ORLANDO, Fla. (FNS) -- While one supermarket chain is reportedly quietly entering the irradiated meat business, others are choosing to wait until issues of supply and consumer acceptance are cleared up.
A Southeastern retailer will soon begin shipping irradiated poultry from a Florida plant, according to Al Kober, meat and seafood director at Clemens Markets, Kulpsville, Pa. The chain will market the chicken as a value-added line and charge about 10 cents more than for regular packs, Kober said at the Food Marketing Institute's Meat Marketing Conference here.
However, while most other retailers, including Clemens, may be quietly supporting irradiation, they are not ready to enter the controversial market.
"The radura is still a skull and crossbones. We need to turn it into the Good Housekeeping Seal of Approval," Kober said. Both meat packers and retailers should educate consumers about the food-safety benefits of irradiation, he said. "People just don't know about it."
In addition to waiting for consumers to learn more about irradiation, retailers are also waiting for larger supplies of irradiated poultry. The process has been used only in small tests to date. Irradiated beef, meanwhile, is not expected to be on the market in any form for one or two years, Kober said.
Meantime, consumer acceptance appears to be growing, according to two new surveys presented at the conference. In one survey, 38% of shoppers said they would buy irradiated meat for their children. The survey, conducted by phone in 1997, was supported by the FMI, the American Meat Institute, the National Restaurant Association and the Grocery Manufacturers of America.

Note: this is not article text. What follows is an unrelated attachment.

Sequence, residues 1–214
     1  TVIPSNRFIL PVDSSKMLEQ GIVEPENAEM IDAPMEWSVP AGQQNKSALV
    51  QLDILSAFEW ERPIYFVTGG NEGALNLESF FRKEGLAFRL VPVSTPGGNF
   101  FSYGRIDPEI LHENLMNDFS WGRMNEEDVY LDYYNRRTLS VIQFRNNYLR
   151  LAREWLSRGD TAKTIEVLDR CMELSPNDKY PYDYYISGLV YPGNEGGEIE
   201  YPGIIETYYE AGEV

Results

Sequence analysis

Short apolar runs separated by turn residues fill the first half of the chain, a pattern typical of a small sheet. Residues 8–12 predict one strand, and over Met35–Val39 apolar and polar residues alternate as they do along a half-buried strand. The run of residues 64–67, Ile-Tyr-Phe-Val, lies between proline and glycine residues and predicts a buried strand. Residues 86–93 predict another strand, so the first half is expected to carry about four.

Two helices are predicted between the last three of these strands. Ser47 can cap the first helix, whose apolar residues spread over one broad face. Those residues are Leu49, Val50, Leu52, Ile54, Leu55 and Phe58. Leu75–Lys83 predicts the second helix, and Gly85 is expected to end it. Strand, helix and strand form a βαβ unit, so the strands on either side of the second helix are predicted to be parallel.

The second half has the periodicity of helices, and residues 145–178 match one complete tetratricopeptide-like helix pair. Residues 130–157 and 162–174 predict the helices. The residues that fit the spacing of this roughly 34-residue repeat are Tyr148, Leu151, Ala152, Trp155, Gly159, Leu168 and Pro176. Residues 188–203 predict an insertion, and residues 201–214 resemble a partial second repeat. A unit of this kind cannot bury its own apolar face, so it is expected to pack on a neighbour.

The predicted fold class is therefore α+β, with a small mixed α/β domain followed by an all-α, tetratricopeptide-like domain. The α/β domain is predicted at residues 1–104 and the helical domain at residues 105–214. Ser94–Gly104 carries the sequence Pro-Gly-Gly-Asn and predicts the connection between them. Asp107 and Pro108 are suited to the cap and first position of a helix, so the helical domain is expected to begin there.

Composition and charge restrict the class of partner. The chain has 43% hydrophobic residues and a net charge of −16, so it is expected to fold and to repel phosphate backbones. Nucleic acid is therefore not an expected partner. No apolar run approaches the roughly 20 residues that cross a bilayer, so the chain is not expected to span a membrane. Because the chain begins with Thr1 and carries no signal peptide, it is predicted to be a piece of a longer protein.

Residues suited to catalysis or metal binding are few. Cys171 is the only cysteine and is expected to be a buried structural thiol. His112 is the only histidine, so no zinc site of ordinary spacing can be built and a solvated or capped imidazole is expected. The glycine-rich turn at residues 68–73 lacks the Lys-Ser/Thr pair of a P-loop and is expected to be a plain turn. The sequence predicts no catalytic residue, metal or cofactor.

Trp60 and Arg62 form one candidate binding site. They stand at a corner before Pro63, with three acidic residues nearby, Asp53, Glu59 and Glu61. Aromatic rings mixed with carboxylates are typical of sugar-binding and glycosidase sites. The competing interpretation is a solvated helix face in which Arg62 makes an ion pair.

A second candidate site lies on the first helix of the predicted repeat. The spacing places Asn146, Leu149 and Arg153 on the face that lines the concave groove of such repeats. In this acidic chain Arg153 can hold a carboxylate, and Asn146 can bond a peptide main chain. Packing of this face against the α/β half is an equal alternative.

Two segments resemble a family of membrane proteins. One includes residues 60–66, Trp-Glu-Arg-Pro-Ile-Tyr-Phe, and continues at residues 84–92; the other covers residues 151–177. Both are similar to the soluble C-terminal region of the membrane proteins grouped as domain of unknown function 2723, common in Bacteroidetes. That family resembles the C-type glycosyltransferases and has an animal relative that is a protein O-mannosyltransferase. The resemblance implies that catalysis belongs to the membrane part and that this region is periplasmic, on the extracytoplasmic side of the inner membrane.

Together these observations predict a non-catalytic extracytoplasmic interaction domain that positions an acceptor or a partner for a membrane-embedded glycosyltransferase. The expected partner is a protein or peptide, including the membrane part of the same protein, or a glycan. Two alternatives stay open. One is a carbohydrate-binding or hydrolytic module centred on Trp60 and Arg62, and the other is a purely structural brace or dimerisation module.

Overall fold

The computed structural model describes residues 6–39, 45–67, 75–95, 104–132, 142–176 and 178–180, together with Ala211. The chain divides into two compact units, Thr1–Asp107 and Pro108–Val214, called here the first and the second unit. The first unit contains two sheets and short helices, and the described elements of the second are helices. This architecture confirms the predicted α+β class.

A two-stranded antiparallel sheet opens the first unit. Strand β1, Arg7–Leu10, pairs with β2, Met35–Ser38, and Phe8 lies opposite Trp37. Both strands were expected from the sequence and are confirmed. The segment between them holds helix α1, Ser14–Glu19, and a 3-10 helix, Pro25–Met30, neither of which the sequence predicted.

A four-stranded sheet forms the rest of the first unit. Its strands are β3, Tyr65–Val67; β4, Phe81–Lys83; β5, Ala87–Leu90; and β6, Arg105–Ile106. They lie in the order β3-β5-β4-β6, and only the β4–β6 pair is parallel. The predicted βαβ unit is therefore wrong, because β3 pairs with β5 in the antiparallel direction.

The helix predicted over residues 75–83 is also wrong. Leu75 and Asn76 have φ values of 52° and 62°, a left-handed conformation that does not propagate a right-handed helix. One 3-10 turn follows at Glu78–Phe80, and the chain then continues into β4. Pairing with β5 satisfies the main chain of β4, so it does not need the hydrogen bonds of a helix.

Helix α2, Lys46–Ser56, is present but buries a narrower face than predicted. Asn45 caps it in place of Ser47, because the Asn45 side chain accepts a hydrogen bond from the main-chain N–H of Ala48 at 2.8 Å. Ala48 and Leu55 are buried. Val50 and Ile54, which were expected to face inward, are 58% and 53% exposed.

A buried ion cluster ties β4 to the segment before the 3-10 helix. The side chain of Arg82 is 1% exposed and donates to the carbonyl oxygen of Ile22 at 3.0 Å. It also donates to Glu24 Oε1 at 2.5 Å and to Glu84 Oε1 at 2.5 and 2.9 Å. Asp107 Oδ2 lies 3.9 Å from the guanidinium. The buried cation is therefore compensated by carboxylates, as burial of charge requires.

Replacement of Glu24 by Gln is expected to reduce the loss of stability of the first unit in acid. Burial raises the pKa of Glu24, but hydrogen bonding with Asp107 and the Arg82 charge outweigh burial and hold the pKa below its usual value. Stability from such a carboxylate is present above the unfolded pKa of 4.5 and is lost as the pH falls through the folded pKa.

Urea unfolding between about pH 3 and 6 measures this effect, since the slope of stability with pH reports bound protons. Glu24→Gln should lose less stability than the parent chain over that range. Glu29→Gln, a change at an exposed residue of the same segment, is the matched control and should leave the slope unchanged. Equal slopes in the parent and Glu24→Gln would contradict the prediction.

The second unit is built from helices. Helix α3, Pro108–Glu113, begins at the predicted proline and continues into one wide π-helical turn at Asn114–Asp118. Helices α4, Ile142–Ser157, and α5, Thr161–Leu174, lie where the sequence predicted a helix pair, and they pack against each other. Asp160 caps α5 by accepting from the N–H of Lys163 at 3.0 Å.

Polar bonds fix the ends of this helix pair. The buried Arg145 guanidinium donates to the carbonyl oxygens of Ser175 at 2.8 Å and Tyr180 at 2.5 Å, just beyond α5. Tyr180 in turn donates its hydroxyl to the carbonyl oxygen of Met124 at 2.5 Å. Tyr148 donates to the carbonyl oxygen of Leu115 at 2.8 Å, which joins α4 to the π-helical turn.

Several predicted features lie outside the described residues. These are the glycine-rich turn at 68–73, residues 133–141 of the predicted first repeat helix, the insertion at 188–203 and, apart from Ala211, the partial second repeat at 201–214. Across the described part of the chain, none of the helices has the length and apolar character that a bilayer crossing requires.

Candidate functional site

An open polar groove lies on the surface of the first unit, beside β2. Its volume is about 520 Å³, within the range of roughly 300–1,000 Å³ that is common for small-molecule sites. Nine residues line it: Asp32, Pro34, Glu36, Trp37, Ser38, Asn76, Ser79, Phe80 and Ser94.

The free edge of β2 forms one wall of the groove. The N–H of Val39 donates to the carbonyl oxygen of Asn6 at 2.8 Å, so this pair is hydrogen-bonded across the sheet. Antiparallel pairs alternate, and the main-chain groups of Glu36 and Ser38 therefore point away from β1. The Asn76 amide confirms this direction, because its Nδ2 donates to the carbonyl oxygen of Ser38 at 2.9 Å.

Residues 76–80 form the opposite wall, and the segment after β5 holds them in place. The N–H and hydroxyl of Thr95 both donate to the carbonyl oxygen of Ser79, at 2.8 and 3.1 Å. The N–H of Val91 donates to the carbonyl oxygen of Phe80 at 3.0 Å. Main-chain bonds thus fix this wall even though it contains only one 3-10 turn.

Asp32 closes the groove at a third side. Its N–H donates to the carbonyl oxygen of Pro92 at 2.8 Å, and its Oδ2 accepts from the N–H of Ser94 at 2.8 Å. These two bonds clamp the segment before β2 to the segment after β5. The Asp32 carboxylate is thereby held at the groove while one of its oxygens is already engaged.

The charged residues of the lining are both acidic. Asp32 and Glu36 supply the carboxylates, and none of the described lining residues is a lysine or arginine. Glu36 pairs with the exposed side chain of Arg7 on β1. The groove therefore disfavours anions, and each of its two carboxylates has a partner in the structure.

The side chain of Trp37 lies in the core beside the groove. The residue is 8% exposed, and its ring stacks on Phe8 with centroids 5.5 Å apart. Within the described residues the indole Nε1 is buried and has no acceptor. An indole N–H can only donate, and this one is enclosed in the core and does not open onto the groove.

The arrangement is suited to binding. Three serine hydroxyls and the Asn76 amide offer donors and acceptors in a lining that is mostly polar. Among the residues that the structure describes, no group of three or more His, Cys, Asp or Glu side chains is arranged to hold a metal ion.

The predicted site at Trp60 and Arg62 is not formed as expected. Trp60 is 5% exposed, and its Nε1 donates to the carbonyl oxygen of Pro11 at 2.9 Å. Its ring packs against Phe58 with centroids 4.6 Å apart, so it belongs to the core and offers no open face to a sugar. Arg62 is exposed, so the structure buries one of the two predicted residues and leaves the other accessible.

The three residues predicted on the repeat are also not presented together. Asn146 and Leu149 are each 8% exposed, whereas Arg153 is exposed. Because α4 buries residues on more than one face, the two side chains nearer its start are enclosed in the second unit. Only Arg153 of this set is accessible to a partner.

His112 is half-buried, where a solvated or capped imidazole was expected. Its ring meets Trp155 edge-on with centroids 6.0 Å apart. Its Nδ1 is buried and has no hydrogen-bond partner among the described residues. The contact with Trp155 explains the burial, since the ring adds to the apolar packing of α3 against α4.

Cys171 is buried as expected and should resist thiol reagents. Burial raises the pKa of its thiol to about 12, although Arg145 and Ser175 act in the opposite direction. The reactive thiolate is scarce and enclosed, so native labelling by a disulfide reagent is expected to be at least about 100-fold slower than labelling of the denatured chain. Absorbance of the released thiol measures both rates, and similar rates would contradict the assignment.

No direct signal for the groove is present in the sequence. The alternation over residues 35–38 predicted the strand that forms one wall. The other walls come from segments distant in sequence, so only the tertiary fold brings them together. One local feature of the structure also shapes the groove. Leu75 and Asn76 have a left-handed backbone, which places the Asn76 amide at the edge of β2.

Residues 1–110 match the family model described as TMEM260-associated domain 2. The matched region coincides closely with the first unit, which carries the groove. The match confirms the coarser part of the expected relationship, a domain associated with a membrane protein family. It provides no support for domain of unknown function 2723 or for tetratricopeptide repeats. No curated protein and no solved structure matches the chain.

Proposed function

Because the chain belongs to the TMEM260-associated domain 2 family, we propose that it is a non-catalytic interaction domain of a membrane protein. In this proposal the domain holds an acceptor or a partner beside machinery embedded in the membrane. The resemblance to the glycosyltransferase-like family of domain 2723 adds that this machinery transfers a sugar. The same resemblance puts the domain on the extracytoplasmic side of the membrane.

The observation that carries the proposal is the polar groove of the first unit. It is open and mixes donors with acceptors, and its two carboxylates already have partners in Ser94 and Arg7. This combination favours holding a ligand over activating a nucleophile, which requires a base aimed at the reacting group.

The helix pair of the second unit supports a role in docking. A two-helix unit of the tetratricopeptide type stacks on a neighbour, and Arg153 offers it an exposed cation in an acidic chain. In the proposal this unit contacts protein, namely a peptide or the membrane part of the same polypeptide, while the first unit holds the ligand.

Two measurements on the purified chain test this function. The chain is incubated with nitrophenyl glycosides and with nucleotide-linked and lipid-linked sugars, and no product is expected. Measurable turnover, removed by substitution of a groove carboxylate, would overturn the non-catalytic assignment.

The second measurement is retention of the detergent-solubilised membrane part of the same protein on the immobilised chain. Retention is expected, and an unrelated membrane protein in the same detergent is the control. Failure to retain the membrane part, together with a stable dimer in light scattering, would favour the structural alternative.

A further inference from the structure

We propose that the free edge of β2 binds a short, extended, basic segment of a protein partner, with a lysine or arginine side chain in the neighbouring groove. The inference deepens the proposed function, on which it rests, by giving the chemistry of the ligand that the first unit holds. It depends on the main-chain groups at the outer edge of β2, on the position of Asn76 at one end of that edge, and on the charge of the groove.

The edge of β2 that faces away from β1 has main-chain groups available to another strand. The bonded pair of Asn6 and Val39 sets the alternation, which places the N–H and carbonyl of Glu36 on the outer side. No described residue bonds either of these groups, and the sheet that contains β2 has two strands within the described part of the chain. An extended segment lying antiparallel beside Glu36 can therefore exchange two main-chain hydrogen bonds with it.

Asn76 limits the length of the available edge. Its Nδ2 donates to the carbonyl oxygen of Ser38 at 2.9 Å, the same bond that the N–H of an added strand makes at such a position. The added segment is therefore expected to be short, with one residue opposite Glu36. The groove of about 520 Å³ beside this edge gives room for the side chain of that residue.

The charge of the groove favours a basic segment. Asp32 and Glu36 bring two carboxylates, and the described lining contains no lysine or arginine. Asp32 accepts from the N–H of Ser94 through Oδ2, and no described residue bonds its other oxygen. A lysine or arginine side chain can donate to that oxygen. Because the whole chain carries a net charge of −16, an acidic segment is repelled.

Still, about 33% of the people surveyed said they believe the process is a health hazard, compared with 30% in 1996, according to the FMI Trends report. The Washington-based FMI also found that many shoppers have not decided whether irradiated foods are "hazardous."
"Those are the ones to swing the vote in favor or against irradiated foods," said Sara Lilygren, manager of legislative and public affairs at the Arlington, Va.-based American Meat Institute, another speaker at the Meat Marketing Conference.
A consumer focus group conducted by the International Food Information Council found that consumers may be willing to pay more for irradiated.
Some food groups believe different labeling would garner better consumer acceptance. In the IFIC focus groups, shoppers said "cold pasteurization" was the best label alternative.
However, consumer groups and others say to leave the label alone. "Don't smooth it over and cover it up, just call it what it is," Kober said. Consumers prefer labels explaining irradiation's benefits, such as "Irradiated for your safety" and "Irradiated to eliminate harmful bacteria," instead of just "Irradiated," according to the IFIC survey.
In addition, at a recent meeting on the issue with both consumer and industry groups, most groups agreed that "irradiated" should stay on the label. They also raised these concerns about irradiated foods: consumers should understand that irradiation should not replace proper food handling, workers in irradiation plants must be adequately protected, strong government food- safety-inspection programs should be maintained and the environmental effects of irradiation should be examined.
Supermarkets are the least-trusted source of information on irradiated foods, followed by the news media, food manufacturers and the federal government. The most-trusted sources of information include medical and health organizations, universities and consumer advocacy groups.